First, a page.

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Creating and maintaining a unified corporate culture in a work-from-home environment

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This is an exciting time to be involved with KM.

Many new technologies are now available to address complex organizational issues—conversational AI, intelligent search, machine learning, knowledge graphs, and others. But, many firms, nonprofits, and not-for-profits are not configured to take advantage of these new technologies. The work-from-home (WFH) environment only exacerbates the problem. (Gallup reports that 20% of the U.S. workforce operates remotely 100% of the time, while another 26% operates remotely part of the time.) In a WFH environment, the challenge of getting KM adopted by your remote team is one that will tax even the most able manager.

Organizations face three issues:

How to construct a culture that is positive and satisfying to each member of the team

How to obtain productivity from team members in the WFH environment

How to ensure that team members continue to add to their KM skillset

In many firms, culture simply emerges over time without being planned and enforced. A firm’s culture, informally, is “what happens around here when the boss isn’t around.” More formally, organizational culture is the degree of agreement and commitment to a set of values and expected behaviors. When such agreements and commitments are widely and deeply held, the culture is considered “strong”; when the agreement and commitment are only held by few in the organization, the culture is considered “weak.”

Clarify the organization’s mission

If there is evidence that your organization has a weak culture, you need to clarify your organization’s mission, values, and vision. Then, address what behaviors are necessary to obtain those ends. What are the actual practices that your organization takes—especially HR practices (recruiting, hiring, performance management, compensation, reward systems, benefits, etc.)? Does management at all levels behave in ways that result in reinforcing the desired behaviors, help to realize the vision, contribute to achieving the mission, and remain constantly faithful to the values? At all levels, management must serve as reliable role models.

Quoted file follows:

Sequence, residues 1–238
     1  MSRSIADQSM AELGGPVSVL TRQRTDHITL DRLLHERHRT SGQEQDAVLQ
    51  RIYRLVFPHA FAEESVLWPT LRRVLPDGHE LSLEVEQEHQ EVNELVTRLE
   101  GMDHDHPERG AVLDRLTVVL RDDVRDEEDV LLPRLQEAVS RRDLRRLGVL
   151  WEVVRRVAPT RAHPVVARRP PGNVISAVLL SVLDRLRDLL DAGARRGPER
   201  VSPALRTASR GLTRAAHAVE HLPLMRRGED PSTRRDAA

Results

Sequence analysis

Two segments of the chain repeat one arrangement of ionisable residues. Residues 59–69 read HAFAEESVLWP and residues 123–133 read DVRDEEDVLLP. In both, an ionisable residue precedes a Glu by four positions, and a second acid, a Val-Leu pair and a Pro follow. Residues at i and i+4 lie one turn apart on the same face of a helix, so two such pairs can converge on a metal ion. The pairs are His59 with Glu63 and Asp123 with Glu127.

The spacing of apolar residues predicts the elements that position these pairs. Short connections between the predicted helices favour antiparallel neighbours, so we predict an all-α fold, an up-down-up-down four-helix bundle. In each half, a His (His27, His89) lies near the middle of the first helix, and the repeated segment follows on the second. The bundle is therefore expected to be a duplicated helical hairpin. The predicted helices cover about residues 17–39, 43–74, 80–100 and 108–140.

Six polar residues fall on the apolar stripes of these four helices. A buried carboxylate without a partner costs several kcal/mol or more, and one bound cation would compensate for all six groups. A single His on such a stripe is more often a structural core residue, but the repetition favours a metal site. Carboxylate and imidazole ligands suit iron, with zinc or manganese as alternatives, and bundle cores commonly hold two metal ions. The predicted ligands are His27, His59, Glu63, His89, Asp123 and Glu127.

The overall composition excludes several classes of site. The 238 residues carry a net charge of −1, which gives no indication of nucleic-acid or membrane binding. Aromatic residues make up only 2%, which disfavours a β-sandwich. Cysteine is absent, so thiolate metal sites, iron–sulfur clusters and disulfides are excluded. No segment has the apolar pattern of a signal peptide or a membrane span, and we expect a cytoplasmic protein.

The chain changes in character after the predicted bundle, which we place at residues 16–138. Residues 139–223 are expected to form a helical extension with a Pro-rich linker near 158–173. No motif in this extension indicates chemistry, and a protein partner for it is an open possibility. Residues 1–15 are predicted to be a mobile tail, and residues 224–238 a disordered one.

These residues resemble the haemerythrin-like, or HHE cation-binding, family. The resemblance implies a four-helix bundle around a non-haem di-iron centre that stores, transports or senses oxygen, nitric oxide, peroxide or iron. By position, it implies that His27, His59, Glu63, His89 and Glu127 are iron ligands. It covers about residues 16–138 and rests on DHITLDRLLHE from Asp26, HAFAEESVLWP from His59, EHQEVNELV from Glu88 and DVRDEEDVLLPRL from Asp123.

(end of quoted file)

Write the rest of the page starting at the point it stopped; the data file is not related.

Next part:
It is beneficial to perform a cultural audit to understand the culture that is in place within your organization. Are people so busy that they lack the time to get their heads around new procedures? Do members of the team have sufficient intellectual flexibility to absorb new approaches to getting their work done? Are the team members open to new ways to getting their work done faster, with less effort, and more creatively? Do your team members enjoy collaborating with their peers, or are they more apt to be lone rangers? Does your organization have a culture in place that accepts well-meaning failures? Does it encourage learning and growth? Does it focus on customer satisfaction or personal advancement? Organizations, including those merely curious about whether it makes sense for them to get involved with KM, need to have the people within the organization prepared to change their behaviors to learn about, understand, be sympathetic to, and adopt cutting-edge KM practices.

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